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Mount Si graduate designs satellites for Lockheed
When you watch satellite images on the Weather Channel or local newscasts, you are witnessing the work
of a Mount Si High School graduate.
Rob Osborne, who graduated in 1992, is a spacecraft test director
for Lockheed Martin Space Systems Company in Sunnyvale, Calif.
His job entails putting together and testing satellites that monitor
global weather patterns and pick up emergency distress signals from ships
The satellites are used for short- and long-term weather forecasting,
to monitor severe storms, for measuring temperature and humidity and for
providing data on soil moisture, polar ice coverage, ocean currents and
the ozone layer. The system works with two satellites that orbit the Earth
and provides us with data not less than six hours old.
The satellite program was started in 1978 by the National Oceanic
and Atmospheric Administration (NOAA) and the National Aeronautics
and Space Administration (NASA). It has produced 14 satellites, including
the most recent, the NOAA-L.
Osborne, 26, is currently working on the NOAA-N model, and
recently completed the NOAA-M, which will be launched next June. He also
worked on the NOAA-L and watched it take off on a Titan II rocket Sept. 21.
"It was like a dream come true, after all the years of encouraging
and supporting, it kind of culminated at that explosive moment,"
said Osborne's mother, Elena Montgomery, who witnessed the launch.
Montgomery is the treasurer for the city of North Bend.
Osborne said his job is important because the satellites cost about
$150 million, and they must be launched without a mistake. He added that
taxpayers' money would also be wasted if the satellite fails.
The best parts of his job, Osborne explained, is the level of
responsibility he is entrusted with, and launch days.
"You spend two, three years putting these things together, and
it's amazing to see it work," he said.
"My fingerprints are all over space right now there's not a part of that
satellite that I didn't touch."
But this job is just one step toward Osborne's goal of becoming an
Next year, Osborne will apply for the astronaut program. If he isn't
accepted, he will go back to college for his doctorate.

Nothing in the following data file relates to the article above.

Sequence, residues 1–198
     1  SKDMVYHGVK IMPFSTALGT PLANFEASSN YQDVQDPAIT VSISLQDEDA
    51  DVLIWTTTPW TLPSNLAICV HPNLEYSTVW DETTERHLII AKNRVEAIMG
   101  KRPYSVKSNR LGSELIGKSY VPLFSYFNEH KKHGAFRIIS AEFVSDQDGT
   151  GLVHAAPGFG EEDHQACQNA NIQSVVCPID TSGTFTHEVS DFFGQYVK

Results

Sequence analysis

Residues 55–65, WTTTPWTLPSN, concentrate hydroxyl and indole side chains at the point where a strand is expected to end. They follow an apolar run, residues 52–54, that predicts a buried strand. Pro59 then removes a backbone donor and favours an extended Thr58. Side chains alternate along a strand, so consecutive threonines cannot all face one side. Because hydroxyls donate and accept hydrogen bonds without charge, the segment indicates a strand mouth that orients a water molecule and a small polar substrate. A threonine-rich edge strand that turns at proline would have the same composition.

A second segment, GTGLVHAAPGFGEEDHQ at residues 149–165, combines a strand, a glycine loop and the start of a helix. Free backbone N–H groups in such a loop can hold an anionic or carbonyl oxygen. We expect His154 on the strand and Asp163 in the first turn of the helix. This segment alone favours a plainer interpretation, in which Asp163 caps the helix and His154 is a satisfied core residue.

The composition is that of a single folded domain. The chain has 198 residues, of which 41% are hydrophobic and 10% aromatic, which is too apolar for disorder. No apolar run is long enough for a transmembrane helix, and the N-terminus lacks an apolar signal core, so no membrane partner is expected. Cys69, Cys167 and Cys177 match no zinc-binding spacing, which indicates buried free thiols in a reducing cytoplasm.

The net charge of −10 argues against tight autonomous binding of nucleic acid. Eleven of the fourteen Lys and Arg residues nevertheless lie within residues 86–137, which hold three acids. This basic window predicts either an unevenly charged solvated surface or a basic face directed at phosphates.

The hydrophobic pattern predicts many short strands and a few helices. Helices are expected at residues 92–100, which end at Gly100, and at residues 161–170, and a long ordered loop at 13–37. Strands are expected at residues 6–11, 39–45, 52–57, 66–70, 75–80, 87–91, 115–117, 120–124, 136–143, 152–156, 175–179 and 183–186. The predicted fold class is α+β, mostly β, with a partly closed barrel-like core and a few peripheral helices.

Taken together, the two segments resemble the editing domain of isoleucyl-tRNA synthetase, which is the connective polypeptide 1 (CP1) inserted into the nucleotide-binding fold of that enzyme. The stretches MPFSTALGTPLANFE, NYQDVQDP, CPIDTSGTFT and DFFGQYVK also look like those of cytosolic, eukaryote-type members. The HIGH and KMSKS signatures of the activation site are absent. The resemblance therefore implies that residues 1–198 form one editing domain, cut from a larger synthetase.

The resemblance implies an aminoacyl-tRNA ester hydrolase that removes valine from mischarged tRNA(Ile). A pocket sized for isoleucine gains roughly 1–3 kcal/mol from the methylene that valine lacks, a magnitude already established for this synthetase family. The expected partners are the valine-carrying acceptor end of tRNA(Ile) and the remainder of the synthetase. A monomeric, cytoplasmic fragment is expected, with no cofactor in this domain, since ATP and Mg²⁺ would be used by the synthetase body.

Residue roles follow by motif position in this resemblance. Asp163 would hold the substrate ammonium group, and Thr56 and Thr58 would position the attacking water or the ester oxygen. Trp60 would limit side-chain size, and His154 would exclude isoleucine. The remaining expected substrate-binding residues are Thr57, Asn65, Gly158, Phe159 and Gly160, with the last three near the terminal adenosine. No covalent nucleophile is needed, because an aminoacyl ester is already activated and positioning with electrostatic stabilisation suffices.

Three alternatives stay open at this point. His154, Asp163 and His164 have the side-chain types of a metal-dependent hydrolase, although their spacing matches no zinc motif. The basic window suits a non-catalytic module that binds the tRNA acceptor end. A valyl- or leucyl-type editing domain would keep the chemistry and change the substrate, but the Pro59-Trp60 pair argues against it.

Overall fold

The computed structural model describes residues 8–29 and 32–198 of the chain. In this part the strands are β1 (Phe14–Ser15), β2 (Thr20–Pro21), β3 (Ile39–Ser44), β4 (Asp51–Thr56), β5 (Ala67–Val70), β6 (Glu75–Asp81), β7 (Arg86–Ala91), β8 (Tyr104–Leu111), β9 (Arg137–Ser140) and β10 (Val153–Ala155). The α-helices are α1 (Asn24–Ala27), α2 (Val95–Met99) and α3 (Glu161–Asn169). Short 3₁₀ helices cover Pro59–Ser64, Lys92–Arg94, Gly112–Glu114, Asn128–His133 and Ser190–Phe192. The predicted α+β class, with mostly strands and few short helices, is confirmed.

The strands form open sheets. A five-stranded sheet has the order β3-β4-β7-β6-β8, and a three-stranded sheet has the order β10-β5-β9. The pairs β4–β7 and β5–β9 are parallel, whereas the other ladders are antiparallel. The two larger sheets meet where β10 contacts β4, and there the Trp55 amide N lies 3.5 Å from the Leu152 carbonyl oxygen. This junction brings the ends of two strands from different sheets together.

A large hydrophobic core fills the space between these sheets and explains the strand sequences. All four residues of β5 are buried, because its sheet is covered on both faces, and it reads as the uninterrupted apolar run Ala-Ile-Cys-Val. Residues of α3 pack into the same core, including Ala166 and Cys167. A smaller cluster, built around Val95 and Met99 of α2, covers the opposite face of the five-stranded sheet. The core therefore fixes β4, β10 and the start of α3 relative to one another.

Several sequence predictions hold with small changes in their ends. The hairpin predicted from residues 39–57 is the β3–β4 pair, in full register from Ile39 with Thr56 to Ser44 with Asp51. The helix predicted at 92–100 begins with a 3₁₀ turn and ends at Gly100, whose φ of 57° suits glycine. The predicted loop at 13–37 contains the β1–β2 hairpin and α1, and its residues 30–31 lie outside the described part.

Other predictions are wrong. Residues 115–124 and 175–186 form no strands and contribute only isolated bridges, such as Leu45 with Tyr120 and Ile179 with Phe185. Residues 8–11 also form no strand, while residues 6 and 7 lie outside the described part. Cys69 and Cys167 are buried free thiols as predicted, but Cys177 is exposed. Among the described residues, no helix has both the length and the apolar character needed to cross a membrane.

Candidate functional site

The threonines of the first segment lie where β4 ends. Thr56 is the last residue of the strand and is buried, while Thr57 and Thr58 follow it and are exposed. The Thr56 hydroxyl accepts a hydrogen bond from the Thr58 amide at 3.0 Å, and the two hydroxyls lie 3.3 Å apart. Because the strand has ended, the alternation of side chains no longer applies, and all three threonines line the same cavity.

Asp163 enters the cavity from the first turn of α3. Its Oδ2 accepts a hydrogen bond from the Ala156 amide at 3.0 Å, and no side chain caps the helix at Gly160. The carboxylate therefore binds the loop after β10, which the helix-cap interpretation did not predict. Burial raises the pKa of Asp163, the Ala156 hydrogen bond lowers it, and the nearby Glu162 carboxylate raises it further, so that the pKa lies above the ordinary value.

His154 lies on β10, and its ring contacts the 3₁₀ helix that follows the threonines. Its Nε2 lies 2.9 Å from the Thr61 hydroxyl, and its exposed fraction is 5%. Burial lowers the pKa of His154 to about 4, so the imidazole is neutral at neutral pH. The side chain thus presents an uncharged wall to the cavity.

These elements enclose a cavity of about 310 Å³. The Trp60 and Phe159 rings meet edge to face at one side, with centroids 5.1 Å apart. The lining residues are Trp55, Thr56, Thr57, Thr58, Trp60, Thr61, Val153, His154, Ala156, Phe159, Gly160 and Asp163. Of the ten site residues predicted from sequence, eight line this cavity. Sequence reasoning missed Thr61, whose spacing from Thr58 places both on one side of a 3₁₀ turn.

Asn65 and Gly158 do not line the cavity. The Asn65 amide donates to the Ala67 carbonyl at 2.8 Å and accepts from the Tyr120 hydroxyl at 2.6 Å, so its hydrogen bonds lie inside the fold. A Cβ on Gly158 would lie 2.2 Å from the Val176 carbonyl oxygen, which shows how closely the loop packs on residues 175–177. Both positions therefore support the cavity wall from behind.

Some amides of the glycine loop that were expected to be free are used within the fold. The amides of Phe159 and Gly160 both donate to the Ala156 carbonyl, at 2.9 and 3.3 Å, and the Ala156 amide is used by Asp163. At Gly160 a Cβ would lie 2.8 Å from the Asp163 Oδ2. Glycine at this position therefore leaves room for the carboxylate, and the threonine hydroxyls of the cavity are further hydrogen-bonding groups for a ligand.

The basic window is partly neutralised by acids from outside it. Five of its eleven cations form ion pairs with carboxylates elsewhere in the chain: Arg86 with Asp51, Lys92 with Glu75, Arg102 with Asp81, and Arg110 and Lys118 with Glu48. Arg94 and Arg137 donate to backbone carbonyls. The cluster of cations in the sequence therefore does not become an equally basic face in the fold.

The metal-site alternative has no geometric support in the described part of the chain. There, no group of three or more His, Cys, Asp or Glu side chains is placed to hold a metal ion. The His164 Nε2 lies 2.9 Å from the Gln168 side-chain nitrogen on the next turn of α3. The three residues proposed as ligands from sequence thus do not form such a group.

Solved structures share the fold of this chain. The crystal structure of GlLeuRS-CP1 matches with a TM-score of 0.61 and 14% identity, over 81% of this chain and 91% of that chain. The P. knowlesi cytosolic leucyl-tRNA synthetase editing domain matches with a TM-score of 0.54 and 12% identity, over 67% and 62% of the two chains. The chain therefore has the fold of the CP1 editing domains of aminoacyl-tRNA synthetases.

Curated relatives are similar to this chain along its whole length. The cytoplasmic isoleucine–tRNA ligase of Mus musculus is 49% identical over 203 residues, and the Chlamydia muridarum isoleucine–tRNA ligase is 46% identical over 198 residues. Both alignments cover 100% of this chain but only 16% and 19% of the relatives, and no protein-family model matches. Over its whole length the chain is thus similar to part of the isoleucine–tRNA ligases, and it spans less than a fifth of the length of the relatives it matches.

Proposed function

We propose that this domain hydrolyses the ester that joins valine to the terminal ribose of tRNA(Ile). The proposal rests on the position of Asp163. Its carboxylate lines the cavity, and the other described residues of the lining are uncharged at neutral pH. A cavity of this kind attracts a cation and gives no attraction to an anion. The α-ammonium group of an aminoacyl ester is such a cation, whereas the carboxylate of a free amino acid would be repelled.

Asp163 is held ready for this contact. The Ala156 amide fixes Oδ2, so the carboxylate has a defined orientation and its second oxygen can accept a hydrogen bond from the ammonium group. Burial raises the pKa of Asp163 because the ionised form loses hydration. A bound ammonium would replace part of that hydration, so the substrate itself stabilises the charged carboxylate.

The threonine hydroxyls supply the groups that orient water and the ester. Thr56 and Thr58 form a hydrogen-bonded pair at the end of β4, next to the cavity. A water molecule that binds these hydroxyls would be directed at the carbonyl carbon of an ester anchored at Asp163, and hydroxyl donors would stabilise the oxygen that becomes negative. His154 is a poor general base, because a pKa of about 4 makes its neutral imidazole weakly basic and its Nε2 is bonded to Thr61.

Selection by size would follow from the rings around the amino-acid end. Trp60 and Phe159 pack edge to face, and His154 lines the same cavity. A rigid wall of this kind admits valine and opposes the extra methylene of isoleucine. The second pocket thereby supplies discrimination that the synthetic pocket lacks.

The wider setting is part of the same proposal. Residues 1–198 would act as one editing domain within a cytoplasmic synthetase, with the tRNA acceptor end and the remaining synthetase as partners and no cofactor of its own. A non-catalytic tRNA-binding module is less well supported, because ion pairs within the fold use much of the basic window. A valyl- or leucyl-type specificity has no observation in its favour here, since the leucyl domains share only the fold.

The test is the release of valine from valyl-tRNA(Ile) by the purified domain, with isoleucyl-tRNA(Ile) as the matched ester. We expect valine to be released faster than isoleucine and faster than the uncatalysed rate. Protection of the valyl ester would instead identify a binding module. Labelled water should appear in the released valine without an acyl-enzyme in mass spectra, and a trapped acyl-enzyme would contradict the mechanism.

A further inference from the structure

"They get thousands of applicants, and they only take about 20," he
said, explaining that applicants are screened on physical qualifications,
education, experience, even hobbies. "It's
very difficult to get into, but so far, I can't see anything that will keep me back."
Montgomery noted that her son had always been inclined to break
free of Earth's gravity.
"He says he knew when he was 9- years-old that he wanted to be an
astronaut," she said, explaining that she could tell how talented he was by
the way he constructed things out of Legos and Erector sets. "He liked
to put anything together that he could get his hands on."
After graduating from Mount Si, Osborne moved on to college. He
received his bachelor's degree in aeronautical and astronautical
engineering in 1997 from the University of Washington, and his master's degree
in aeronautics and astronautics from Stanford. Lockheed Martin paid
for his master's degree.
He said the most difficult time of his life was when he was
attending Stanford and working full time at Lockheed Martin, sometimes
working graveyard shifts of 12 hours, then studying for midterms.
Osborne still sometimes works 14- to 16-hour days for two weeks in a
row while testing the satellites.
"He's just got a tremendous amount of drive,
I can't even keep up with him."
mother of Rob Osborne
However, Osborne wasn't always this motivated. He described
himself as bored in elementary school because he was always quick to finish his
math problems and assignments, which left him less than challenged.
Both Osborne and his mother credit two Snoqualmie
Elementary schoolteachers with his turnaround.
"One of the things that I'm thankful for is that a couple of teachers
in the valley, Mr. Lee and Mrs. Dorland, nurtured his talent," Montgomery
said. She explained that they motivated him, understood his learning style and
his aptitude for science and math.
The teachers have since retired, but will never retire from
And neither will Gene Clegg, physics and chemistry teacher
at Mount Si.
"He's a very upbeat inspirational type of guy," Osborne said. "One
of his favorite expressions was, `You guys are smarter than me, but I've
just been around longer.'"
Clegg, who has taught 33 years, remembers Osborne.
"He was a very bright student," Clegg said. "He was one of the
students who was willing to get his feet wet and challenge answers. I knew
he was going to be a leader."
Osborne's advice for students is to select a career path in life and go
"Choose something that you want to do. Choose anything, even
now. Choose and figure out what steps you need to take to do it," he said.
"You're going to have to do something every day, so you might as well like it.
It doesn't have to be a lifetime decision. Whatever sounds best to you do
it. You can always change your mind later."
"Oh, and have fun, too. That's very important," he added. "The key is
to be happy and have fun."
Hang-gliding, hunting, fishing, camping and scuba diving are the
activities Osborne prefers to balance his life.
"You can't get too locked into one thing or you get bored," he said.
Another way Osborne balances his life is to spend time with his
dog, Lakota, which is part German Shepherd, wolf and husky. He also stays
in touch with his UW buddies and with his sister, Sara, who is a fellow
Mount Si and UW graduate and is studying law in Washington, DC.
Although he has inspirational phrases posted around his
office, Osborne offered his own words to Valley students on how to be
"Believe that you can do what you want to do," he said. "It doesn't
matter where you're from or what you've done in the past, you can figure
out how to do it. Don't listen to what they say if they say you can't do it."